How sleep deprivation affects my cognition

Published January 10, 2024


Hello! I've been collecting my Stroop effect data for about three months now, and I also have my Fitbit collecting sleep data from the whole period. A friend asked me how sleep affects my Stroop scores, and I went ahead and set up the analysis.

Stroop effect — quick, name the colors of the words

Stroop effect — quick, name the colors of the words

Methods and Results

Here is a lot of scatterplots where my three Stroop scores (please see above link for more info) are arranged according to some sleep variables (total time in bed, sleep efficiency, time asleep, time awake), and then I do a linear regression for each one.

I'm not just gonna throw a best-fit line on there and call it a day — I want to know how real that line is. I've also calculated a p-value which is the probability that the best-fit line slope is that value by random chance. I also Bonferroni-corrected the threshold value, though I think this boundary is a bit arbitrary (we pick p=5% arbitarily like everyone else, then divide by 12 to Bonferroni correct. p<.00416 is significant).

Discussion

As you can see, a few variables appear to be related (most notably Stroop score vs. sleep duration), but aren't actually by our experiment standards. I would need more data to confirm, and I only have 27 days of data because Stroop data is relatively new in my stack of tracked personal info.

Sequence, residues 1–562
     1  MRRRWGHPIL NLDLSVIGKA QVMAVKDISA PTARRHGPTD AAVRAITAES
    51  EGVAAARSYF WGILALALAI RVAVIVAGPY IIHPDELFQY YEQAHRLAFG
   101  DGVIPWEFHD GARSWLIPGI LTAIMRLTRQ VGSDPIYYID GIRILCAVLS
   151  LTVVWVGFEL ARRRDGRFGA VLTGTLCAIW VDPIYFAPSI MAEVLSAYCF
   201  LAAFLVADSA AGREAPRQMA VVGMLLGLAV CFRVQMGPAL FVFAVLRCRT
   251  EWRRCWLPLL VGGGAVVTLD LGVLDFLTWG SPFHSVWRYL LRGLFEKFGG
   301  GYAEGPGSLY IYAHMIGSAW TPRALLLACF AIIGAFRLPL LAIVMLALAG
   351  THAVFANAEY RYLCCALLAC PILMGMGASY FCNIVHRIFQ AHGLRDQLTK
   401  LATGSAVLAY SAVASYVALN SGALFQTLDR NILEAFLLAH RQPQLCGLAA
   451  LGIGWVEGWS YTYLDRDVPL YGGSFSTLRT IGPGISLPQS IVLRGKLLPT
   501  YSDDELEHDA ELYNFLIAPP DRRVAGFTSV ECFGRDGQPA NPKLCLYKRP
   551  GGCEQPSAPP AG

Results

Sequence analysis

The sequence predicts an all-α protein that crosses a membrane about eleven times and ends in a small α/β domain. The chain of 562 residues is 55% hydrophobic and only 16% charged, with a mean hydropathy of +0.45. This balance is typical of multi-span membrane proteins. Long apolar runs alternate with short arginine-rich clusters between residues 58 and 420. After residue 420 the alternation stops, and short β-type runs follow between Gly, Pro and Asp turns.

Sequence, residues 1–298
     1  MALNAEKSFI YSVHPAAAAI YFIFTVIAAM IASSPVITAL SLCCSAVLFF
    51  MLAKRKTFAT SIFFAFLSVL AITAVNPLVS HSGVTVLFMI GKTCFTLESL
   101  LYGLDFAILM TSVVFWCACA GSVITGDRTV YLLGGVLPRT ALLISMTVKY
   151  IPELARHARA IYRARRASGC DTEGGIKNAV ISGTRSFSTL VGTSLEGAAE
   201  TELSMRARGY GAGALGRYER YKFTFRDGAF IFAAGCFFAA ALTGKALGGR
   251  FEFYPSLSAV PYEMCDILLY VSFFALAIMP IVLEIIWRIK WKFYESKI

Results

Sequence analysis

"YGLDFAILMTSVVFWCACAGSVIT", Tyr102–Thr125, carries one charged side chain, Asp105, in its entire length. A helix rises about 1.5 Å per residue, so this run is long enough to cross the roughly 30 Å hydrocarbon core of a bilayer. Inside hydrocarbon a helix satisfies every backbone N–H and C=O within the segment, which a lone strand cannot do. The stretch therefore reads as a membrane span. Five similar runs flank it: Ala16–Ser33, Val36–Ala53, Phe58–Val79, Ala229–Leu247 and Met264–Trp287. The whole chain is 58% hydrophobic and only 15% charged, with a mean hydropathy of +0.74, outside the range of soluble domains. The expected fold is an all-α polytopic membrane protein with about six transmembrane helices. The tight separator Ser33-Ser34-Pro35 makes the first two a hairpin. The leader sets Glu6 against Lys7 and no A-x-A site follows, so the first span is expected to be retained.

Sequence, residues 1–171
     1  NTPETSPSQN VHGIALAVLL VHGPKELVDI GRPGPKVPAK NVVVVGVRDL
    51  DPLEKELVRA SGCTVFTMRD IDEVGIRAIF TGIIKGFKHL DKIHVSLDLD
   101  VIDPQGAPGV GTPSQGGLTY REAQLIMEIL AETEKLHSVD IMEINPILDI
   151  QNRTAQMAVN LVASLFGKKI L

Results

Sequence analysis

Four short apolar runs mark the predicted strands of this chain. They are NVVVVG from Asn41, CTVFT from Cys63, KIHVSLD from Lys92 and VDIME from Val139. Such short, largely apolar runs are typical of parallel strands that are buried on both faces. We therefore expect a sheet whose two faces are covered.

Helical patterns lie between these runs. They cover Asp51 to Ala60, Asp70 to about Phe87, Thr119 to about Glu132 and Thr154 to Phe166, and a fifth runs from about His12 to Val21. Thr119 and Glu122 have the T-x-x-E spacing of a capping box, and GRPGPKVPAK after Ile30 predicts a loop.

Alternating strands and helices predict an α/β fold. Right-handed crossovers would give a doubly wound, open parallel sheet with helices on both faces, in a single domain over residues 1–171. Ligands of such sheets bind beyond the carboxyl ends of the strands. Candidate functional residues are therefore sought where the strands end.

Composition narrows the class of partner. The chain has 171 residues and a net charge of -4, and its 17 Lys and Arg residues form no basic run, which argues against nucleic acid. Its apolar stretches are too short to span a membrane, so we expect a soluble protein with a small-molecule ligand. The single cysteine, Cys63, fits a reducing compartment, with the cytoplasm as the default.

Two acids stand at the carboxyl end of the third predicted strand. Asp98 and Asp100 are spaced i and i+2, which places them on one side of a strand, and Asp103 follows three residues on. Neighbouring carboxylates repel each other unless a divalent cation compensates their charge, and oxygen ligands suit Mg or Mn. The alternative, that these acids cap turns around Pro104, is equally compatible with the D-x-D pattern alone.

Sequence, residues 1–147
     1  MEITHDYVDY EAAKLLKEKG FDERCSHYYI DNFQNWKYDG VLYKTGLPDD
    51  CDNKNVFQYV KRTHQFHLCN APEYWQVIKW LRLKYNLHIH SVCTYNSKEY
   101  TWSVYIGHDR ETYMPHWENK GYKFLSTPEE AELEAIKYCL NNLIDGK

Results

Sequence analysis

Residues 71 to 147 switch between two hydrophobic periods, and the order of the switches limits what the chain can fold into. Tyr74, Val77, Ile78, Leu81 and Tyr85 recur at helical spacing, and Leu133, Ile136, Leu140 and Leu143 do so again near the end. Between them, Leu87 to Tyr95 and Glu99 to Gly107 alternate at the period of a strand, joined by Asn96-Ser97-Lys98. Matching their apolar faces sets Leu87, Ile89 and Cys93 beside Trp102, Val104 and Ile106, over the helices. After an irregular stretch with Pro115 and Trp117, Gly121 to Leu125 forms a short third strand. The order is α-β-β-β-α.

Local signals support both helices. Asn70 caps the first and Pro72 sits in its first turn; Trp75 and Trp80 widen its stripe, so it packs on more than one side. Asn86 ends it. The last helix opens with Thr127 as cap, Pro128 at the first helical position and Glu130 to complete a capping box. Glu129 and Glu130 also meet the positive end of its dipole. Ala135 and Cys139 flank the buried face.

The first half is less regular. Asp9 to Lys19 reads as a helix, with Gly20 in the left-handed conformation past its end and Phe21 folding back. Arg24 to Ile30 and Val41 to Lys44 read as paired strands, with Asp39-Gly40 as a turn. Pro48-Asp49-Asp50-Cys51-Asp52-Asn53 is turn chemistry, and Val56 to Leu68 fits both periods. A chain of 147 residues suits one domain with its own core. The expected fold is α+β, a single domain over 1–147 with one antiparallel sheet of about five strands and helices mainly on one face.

If the top-right graph were significant, then we could say that my Stroop interference time goes down with a longer sleep duration. We expect smarter people to have a lower Stroop interference, so if we believe more sleep good then my data shows the expected relationship. However, I've been pondering Guzey's work lately re:sleep deprivation is good, and I hoped to see something surprising. Alas, we will wait for me to generate more data.


Aside or Favor

I need people like you, dear reader, to help me with a project.

If Quantified Self is your thing, I'm working on a dashboard with the ability to upload arbitrary time series data and see how it correlates with your other data. There's other dashboards, but they only accept API-integrated data — our project will be for the people who track their nightly erection duration in an Excel spreadsheet and want to see how their water intake changes the next day.

I've written a bit of framework code for this, OOPy stuff — the code is generalizable enough to work across diverse data, but it lacks polish. If you're interested in using what I've written to analyze your data (code request) or are interested in working on this project and have the time to commit to it (collaboration), please email me! I am trying to bring this dash to fruition for others to use. In particular, please contact me if you know anything about modern software best practices, because I do not.


personalinformatics quantifiedself data